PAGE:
That’s the title of the talk I’m giving Wednesday February 26 at Spelman College, Atlanta, GA, 3-5 p.m., Cosby Reading Room, 2d floor.
This is a lecture for SOPHIA, the Atlanta-based political theory colloquium. More info here: http://sophiaatl.org/
Because of the looming storm, my SOPHIA talk is postponed until February 26. More details to come.
This Wednesday, February 12 at 3 p.m., I’m giving a talk at Spelman College as part of the SOPHIA (Series on Political Philosophy in Atlanta) talks.
“Social Movements and Deliberative Publics: Countering Neoliberalism’s Anti-Politics”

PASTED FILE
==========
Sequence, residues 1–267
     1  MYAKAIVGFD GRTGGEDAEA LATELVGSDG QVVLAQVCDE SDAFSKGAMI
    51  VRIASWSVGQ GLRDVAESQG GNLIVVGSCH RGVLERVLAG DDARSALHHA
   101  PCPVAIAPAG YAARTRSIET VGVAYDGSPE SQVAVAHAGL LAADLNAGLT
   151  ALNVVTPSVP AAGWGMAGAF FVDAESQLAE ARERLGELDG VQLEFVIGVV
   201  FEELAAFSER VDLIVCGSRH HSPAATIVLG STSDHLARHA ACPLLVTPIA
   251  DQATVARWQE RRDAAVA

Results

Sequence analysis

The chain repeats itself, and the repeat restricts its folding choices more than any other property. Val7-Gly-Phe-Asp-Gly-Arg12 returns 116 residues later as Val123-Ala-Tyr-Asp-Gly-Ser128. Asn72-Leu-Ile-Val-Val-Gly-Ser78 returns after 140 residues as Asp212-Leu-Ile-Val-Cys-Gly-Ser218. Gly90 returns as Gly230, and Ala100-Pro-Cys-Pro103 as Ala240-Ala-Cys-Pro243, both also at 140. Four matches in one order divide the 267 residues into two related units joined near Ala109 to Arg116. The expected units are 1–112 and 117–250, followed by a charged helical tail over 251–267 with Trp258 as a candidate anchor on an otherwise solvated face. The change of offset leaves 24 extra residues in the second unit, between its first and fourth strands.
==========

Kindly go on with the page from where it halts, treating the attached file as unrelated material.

Reconceptualizing the relationship between the social (e.g. new social movements) and the political (namely, deliberative publics) provides a way to counter neoliberalism’s anti-politics. I start this paper by explaining the problem of political elites deferring to market mechanisms rather than engaging in political thinking, deliberating, and judging other ways to address problems. Then I describe the present tension between (i) new social movements that also seem to shun politics (i.e., the politics of deliberative choice) in favor of protests and demands and (ii) deliberative publics, from informal citizen deliberations to formal legislative ones. I argue, following Iris Marion Young, that this tension between “the activist” and “the deliberative democrat” is not oppositional but rather is productive. This is best understood by conceptualizing the various moments in a larger political process, which includes the steps of naming and framing public issues as well as deliberation and choice. This brings to light the need for more formal entry points for citizen public deliberation into the political process as well as the importance that social movements play in challenging the status quo and showing what is being marginalized and needs to be addressed. Finally, I show how the challenge is especially pressing as neoliberalism goes global.